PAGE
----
Martin Luther King said, “The arc of history is long but it bends toward justice.” Justice has been a long-time coming for Damien Echols, Jason Baldwin and Jessie Misskelley, three marginalized teenagers wrongfully convicted of the 1993 murders of three eight-year-olds: Steven Branch, Michael Moore and Christopher Byers, found dead in a creek in West Memphis, Arkansas. The subject has been brought to the screen before in the “Paradise Lost” trilogy, yet the documentary West of Memphis, directed by Amy Berg and written by Billy McMillin, adds another dimension to our knowledge and understanding of the circumstances and the characters involved. It is a film of extraordinary power that has the ability to stir a range of emotions from frustration, anger, depression, to even joy.
After the victims were found beaten, bruised, and sexually mutilated, hysteria gripped the town and word circulated about the killings being the work of a satanic cult. Despite a lack of physical evidence, the accused teenagers were charged with three counts of capital murder and brought to trial. Damien Echols was sentenced to death, while Jason Baldwin and Jessie Misskelley both received life sentences. Jesse confessed to the crime but the audio recording of Jessie’s interrogation reveals that the prosecution took advantage of the mildly retarded boy by feeding him the desired answers. Soon after the verdict was handed down much to the relief of the bereaved parents and frightened residents, critics of the case began to point to serious discrepancies in the evidence.
It was also found out later that many of the visible physical injuries were caused after the children’s death by turtles living in the swamp. The subsequent media attention led to a twenty-year campaign to free the inmates who become known as the Memphis 3. West of Memphis includes archival footage of the trial and press reports, a police investigation video, and contemporary interviews with victim’s families, supporters of the convicted men including their attorneys, and celebrities such as Johnnie Depp, Eddie Vedder, and filmmakers Peter Jackson and Fran Walsh. If not for the courage and, of course, the financial support of those who fought a long battle to overturn the convictions, Damian might have been executed years ago.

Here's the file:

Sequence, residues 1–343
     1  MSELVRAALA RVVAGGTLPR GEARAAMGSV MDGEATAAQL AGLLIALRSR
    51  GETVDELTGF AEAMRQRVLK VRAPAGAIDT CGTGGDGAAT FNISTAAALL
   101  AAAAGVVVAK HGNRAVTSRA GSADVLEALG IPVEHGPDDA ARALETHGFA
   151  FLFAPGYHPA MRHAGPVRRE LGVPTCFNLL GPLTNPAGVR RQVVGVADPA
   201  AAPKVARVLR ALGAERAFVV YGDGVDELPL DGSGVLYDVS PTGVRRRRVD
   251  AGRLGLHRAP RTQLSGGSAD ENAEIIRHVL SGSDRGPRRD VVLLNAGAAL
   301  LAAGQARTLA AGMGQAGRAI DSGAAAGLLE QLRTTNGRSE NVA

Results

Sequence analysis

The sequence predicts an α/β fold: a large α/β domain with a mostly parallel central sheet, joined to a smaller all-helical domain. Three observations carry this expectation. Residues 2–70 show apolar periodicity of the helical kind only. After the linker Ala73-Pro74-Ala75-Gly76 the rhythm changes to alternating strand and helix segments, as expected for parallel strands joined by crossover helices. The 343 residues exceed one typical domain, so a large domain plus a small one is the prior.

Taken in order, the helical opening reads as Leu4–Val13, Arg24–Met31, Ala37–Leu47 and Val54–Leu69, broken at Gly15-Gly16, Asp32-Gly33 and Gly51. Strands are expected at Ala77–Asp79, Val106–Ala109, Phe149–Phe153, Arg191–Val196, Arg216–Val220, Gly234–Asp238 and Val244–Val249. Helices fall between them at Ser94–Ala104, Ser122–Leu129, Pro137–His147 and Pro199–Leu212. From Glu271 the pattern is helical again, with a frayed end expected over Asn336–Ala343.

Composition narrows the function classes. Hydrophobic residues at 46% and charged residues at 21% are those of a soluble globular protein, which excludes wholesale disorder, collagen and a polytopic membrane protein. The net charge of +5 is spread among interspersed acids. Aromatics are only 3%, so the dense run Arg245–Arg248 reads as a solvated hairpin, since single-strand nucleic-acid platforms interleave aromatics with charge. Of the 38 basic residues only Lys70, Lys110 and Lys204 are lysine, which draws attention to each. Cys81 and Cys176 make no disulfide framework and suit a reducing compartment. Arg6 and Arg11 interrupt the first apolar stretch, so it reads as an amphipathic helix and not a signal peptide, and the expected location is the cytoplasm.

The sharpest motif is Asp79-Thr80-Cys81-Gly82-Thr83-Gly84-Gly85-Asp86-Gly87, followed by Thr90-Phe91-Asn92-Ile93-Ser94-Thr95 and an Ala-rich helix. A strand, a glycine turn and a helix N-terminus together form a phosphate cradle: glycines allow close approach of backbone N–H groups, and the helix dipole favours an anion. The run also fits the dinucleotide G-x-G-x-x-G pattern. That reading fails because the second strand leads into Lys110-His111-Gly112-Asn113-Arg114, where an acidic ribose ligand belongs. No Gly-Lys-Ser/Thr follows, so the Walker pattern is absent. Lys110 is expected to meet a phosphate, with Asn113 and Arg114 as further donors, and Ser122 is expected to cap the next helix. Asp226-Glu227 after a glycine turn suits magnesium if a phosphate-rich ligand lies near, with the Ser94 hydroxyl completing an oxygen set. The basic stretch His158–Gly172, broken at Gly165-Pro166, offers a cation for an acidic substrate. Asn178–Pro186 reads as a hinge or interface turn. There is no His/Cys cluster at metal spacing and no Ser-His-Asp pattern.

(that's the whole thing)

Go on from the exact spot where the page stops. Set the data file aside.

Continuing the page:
Of the three convicted men, much of the film’s focus is on Damian, a self-educated and highly articulate young man, describing his correspondence and subsequent marriage to New York Landscape Architect Lorri Davis. Despite the community protest and continued investigation of the case that unearthed new evidence, particularly DNA evidence, it became increasingly apparent that the justice system in Arkansas would rather perpetuate a lie than admit serious mistakes and become vulnerable to a series of damage suits. Even though he is presented with overwhelming evidence for a new trial, the original judge, David Burnett (now a state senator) refused to reconsider the case.
As a result of the continued pressure by those working for the boys’ release, another suspect emerges who has never been investigated before and was the last person seen with the murdered boys. The thrust of this new lead propels West of Memphis toward a dramatic and surprising conclusion. Although some of the tactics of the investigation are open to question, such as filming a young girl’s session with a psychiatrist and recording a private telephone conversation, West of Memphis is a riveting experience that suggests incidents of injustice and abuse of power such as this may be more common than we think.